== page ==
Portable devices – a better way to identify COVID-19 infection?
Portable devices can identify COVID-19 cases earlier than traditional diagnostic methods and can help track and improve disease management, according to researchers at Mount Sinai Hospital in one of the first studies on the subject. The findings were published in the Journal of Medical Internet Research on January 29.
The Warrior Watch study found that slight changes in a participant’s heart rate variability (HRV), as measured by an Apple Watch, could signal COVID-19 up to seven days before the individual was diagnosed via nasal swab, and also to identify those who have symptoms.
“This study highlights the future of digital health,” says study author Robert P. Hirten, MD, an assistant professor of medicine (gastroenterology) at the Icahn Mount Sinai School of Medicine and a member of the Hasso Plattner Institute for Digital Health. “We can basically use these technologies to better address evolving health needs, which we hope will help us improve disease management. Our goal is to operationalize these platforms to improve the health of our patients, and this study is a significant step in this direction. Developing a way to identify people who may be sick, even before they know they are infected, would be a breakthrough in the management of COVID-19.”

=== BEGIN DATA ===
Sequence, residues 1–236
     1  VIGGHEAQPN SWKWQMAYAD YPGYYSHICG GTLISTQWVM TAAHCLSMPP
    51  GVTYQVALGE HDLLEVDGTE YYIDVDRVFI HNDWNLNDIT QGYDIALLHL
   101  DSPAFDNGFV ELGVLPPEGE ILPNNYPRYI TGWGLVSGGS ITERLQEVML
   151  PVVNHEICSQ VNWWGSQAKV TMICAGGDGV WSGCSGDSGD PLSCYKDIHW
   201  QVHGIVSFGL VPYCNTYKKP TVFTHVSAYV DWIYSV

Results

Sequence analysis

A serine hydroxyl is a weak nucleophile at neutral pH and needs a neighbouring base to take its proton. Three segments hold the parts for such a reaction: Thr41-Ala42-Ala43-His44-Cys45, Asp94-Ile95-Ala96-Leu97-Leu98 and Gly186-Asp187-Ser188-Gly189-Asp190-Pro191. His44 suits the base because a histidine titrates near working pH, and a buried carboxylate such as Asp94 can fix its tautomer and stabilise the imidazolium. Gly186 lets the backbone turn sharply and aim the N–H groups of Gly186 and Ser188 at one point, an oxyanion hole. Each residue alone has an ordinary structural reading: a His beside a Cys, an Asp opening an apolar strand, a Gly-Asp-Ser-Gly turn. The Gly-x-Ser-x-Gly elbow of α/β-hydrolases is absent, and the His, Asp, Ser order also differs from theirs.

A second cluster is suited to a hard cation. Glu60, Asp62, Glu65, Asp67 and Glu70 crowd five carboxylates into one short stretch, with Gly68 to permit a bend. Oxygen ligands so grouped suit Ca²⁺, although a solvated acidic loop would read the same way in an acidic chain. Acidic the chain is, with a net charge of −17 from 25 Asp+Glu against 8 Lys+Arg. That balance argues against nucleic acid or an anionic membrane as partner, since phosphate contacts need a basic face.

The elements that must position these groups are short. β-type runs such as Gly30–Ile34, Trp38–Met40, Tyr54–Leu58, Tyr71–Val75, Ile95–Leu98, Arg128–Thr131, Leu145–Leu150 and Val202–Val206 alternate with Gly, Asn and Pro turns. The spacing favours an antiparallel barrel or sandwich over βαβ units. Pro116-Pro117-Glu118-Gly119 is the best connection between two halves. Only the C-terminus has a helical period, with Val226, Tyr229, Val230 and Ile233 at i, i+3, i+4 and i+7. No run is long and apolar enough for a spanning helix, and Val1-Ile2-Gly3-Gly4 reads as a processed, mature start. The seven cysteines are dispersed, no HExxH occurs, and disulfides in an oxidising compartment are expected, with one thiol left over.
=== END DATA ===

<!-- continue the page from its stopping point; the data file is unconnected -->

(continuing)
The researchers enrolled several hundred workers from the Mount Sinai health system in a digital study between April and September 2020. Participants wore Apple watches and answered daily questions through a custom application. Changes in HRV (a measure of nervous system function detected by the portable device) were used to identify and predict whether workers were infected with COVID-19 or had symptoms. Other daily symptoms that were collected included fever or chills, fatigue or weakness, body aches, dry cough, sneezing, runny nose, diarrhea, sore throat, headache, difficulty breathing, loss of smell or taste and itching of the eyes.
In addition, the researchers found that 7 to 14 days after diagnosis with COVID-19, the HRV model began to normalize and was no longer statistically different from the patterns of those who were not infected.
“This technology allows us not only to track and predict health outcomes, but also to intervene in a timely and remote manner, which is essential during a pandemic that requires people to stay apart,” says the study’s co-author Dr. Zahi Fayad, Director of the Institute of BioMedical Engineering and Imaging, Co-founder of MSCIC and Lucy G. Moses, Professor of Medical Imaging and Bioengineering at Icahn Mount Sinai School of Medicine.
The Warrior Watch study is based on the collaborative effort of the Hasso Plattner Institute for Digital Health and the MSCIC, which represents a diverse group of scientists, engineers, doctors, clinicians and researchers from the Mount Sinai health system who came together in the spring of 2020 to combat COVID-19. The study will further analyze biometrics, including HRV, sleep disruption and physical activity, to better understand which health workers are at risk for the psychological effects of the pandemic.